That was January, back when we were still looking ahead at 2020 with blind optimism and ill-fated excitement. Sigh, hindsight is 20/20 they say, right? Who knew. At the time, we had 50 exciting new titles we were anticipating, most of which have since been either postponed, dumped to VOD, or relegated to a limbo state.
It’s been an unnerving year for the film industry, to say the least. A year fraught with shutdowns, furloughs, layoffs, bankruptcies, and re-evaluations. All of that change has prompted a seismic shift in how everything’s run across the media landscape, and no one truly has a grip on things just yet. Odds are they won’t for quite some time.
Because of this, anticipating anything right now — let alone anything in pop culture — seems like a fool’s errand. Alas, Hollywood is still trying to salvage what it can, and here we are … a bunch of fools … trying to make the most sense out of it. And so, as we’ve done in pre-pandemic times, we’ve put together what’s left to anticipate.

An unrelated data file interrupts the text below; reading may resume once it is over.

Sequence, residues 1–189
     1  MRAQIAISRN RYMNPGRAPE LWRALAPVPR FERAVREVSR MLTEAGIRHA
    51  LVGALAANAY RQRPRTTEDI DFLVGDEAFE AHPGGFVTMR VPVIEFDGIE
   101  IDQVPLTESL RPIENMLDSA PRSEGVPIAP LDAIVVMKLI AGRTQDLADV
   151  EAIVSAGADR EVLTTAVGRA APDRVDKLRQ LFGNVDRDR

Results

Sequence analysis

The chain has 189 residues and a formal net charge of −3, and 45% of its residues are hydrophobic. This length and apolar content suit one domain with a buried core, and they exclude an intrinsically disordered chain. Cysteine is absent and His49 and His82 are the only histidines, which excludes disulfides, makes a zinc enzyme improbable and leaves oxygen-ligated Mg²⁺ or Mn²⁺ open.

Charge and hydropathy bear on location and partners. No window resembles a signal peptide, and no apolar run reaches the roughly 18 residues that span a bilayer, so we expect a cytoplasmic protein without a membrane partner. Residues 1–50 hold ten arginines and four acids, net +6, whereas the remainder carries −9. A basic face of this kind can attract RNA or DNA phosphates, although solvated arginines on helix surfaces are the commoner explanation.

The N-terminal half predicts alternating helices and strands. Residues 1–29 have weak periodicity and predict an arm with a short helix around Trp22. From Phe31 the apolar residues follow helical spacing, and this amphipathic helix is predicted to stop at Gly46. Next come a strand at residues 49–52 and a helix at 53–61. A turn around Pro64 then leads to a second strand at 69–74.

All things considered, it’s not too shabby. Christopher Nolan’s Tenet will see the light of day, Netflix has a number of Oscar candidates heading to your living room, and there’s plenty of tricks and treats for spooky season. What’s more, if things stay the course, we might actually see the return of Bond and Wonder Woman.
It’s a mess, admittedly, and a lot of these dates hinge on the expectation that audiences will return to theaters, which isn’t ideal in the slightest. But, if there’s a silver lining to this list, it’s the notion that pop culture does endure. More importantly, it’s the comfort in knowing that there are still new escapes to be had in 2020 — and we’ll need ’em.